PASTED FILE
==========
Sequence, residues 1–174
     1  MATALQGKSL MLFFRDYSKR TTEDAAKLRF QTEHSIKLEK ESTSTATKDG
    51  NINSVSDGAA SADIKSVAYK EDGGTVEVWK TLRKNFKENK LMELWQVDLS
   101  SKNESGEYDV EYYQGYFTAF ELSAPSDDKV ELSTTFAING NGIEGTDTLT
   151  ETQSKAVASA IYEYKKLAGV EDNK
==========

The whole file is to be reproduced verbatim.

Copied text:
Sequence, residues 1–174
     1  MATALQGKSL MLFFRDYSKR TTEDAAKLRF QTEHSIKLEK ESTSTATKDG
    51  NINSVSDGAA SADIKSVAYK EDGGTVEVWK TLRKNFKENK LMELWQVDLS
   101  SKNESGEYDV EYYQGYFTAF ELSAPSDDKV ELSTTFAING NGIEGTDTLT
   151  ETQSKAVASA IYEYKKLAGV EDNK